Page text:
Many people have dreamed of finding out they have a distant relative who leaves them an inheritance when they die. They may have even made plans for how they would use that money to make life better if it did exist. It’s no wonder that when they receive an email suggesting such a thing, they want to believe it. Scammers use that dream for their inheritance scams. 

What is an Inheritance Scam?

An inheritance scam is a specific type of scam that uses the tale of a person who is now deceased and has left their estate to the intended victim of the scam. The scam usually begins with an email or letter telling the person that they are a distant relative of someone they never heard of. That person recently died and the law firm sending the email or letter has been trying to find relatives to receive the inheritance.

There are several things that make this scam believable even if you never heard of the person who died. First, the letter appears to come from a law firm. If you do a search online, you’ll find out the firm really does exist. The scammers use letterhead and the name of a law firm to make their message more authentic.

The second issue is that probate attorneys do often search for missing relatives when someone dies. It is possible to be contacted by a law firm if a distant relative passes away and leaves an estate. However, in the case of an inheritance scam, everything is made up with the goal of scamming you out of money.

How Scammers Get Their Information

Another way that scammers make their emails look legitimate is by having your information. They often send emails that look like a traditional letter with your home address included. Many people assume the letter must be legitimate if they have all this information. 

Scammers can easily purchase lists with all that information for a reasonable price. The list can have hundreds or thousands of names of people they can scam. Even with a small percentage of positive responses, they will more than pay for what the list cost.

How Scammers Make Money

When the scammer sends out the letter, they request that the recipient send a small amount of money to cover an administrative fee. It’s usually $20, $40, $50 or another reasonable amount. It doesn’t sound like much if you will be getting thousands or even millions of dollars in an inheritance. 

Even if you wonder if the inheritance is real, you figure the amount they are asking is worth the risk. Who minds paying $50 to get millions in return? And it’s not such a great loss if it proves to be a scam. 

You may wonder how scammers get rich off $50 per person. It’s not about getting paid the “administrative fee.” They are seeking your bank account information. Then, they have access to much more than just a small amount of money. Once the person has sent the money, the scammer will tell them they can wire the inheritance to their bank account. Because everything seems to be going okay so far, the person will provide the information, expecting to get the money in the next few days. By that time, the scammer has stolen their identity, emptied the bank account and even used their credit card information to live the good life.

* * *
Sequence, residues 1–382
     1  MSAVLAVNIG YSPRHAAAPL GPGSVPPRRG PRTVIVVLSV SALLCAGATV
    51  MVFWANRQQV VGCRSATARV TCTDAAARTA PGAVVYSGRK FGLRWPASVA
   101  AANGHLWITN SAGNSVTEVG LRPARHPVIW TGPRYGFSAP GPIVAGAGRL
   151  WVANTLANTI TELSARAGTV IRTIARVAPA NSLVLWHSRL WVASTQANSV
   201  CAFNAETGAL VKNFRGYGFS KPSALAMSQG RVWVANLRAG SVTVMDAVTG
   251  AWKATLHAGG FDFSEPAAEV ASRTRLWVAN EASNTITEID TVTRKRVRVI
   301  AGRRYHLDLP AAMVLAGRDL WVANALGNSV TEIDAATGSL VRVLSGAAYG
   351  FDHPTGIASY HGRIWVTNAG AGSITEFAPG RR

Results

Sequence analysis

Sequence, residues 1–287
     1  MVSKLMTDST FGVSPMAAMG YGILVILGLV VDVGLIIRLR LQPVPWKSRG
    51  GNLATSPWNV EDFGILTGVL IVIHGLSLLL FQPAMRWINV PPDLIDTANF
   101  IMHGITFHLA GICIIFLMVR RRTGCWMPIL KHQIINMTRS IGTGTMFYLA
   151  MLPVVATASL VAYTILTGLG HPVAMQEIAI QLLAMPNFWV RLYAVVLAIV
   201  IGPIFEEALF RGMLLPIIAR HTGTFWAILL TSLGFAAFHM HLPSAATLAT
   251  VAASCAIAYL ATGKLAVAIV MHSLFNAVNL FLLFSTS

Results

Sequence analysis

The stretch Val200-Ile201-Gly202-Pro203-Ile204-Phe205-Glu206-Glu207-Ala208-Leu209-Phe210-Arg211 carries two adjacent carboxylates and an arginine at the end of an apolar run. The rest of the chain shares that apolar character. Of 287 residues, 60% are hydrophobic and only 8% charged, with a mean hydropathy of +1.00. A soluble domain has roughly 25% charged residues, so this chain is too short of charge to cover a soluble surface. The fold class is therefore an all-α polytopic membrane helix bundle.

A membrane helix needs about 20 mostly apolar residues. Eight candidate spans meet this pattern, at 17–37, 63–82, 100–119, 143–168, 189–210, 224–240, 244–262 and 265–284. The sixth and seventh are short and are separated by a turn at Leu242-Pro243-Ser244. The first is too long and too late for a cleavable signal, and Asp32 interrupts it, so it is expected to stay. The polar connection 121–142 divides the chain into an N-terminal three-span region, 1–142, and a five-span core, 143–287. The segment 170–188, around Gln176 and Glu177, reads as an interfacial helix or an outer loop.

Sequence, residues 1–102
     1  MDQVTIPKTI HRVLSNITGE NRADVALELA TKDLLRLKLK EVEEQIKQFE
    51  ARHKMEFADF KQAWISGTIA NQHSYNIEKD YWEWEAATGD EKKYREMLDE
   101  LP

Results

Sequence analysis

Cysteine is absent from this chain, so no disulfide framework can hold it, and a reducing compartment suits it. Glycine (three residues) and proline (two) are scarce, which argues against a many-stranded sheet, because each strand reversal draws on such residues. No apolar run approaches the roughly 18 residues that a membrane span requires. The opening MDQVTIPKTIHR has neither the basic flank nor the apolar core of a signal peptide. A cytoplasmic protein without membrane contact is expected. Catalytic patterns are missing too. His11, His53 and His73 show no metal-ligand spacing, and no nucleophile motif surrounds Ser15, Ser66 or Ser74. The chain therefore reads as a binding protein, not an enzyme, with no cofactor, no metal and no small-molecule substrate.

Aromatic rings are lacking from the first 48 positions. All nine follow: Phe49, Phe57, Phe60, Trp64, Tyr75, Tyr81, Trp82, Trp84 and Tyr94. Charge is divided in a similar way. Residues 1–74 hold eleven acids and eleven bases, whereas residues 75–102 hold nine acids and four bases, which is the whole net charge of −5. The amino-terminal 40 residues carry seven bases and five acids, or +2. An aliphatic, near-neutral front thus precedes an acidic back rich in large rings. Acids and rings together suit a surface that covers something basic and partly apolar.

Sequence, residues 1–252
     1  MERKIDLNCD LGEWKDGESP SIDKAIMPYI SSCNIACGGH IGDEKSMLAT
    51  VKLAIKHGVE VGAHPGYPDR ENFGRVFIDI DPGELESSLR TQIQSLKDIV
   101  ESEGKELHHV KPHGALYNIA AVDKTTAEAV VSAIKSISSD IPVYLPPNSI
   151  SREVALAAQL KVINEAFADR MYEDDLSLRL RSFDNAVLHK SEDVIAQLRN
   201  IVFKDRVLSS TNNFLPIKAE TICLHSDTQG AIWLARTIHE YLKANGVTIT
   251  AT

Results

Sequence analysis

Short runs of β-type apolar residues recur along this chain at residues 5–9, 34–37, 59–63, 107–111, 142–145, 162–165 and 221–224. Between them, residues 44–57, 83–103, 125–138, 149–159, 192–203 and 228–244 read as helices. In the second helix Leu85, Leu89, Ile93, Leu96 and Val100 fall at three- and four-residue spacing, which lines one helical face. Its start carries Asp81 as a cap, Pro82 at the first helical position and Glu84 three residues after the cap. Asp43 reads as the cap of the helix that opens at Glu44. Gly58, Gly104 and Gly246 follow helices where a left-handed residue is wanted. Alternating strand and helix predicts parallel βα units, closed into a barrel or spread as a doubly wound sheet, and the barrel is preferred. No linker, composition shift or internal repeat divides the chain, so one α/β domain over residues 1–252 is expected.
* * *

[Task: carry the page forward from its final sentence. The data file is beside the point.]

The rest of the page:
Errors in Scam Letters

If you’ve received such a letter or one of those other scams that go around asking for you to help by using your bank account to transfer money, you may think you’re immune to such tactics. You may even point out the fact that these letters are often riddled with spelling and grammar errors or show other indications of being fake.

You know that no real law firm would send out such a letter. However, you might be surprised to know that these “mistakes” were intentional. The scammer puts in those few errors to weed out the people who are too perceptive to buy into their story. They don’t want to waste their time with anyone who won’t follow through.

The first letter is only the beginning of communication. The interaction between the scammer and victim will go on past this point. The goal of the scammer with the first email is to weed out those who won’t give up their bank and personal information because they are too savvy.

The scammer’s plan is to get rid of all but the most clueless people. They don’t want to waste their time with anyone who isn’t gullible enough to believe their lies. Once they have narrowed their list down to potential victims, they can begin the real work. This first email is just to narrow down their prospects.

Steps to Take If You Receive a Scam Letter

So, what should you do if you receive one of these letters? The first thing to know is you should never respond. Even sending a reply tells the scammer that they have a valid email address and someone who read their email.

Replying gives the scammer more information. They can gain access to your computer and IP address, which would allow them to find another way to steal private data. For instance, they could get your credit card or bank account information if you pay a bill or shop online. While many security companies tell you to never click on a link in an email you don’t recognize, it’s also just as important to not reply to that email at all.

You can report the email to the Federal Trade Commission or to the Internet Crime Complaint Center. You can also contact the law firm directly and let them know their name and logo are being used in a scam. Just make sure to use the contact information on the firm’s website.

Protect yourself from inheritance scams by being alert and suspicious. Remember, if anything sounds too good to be true, it probably is.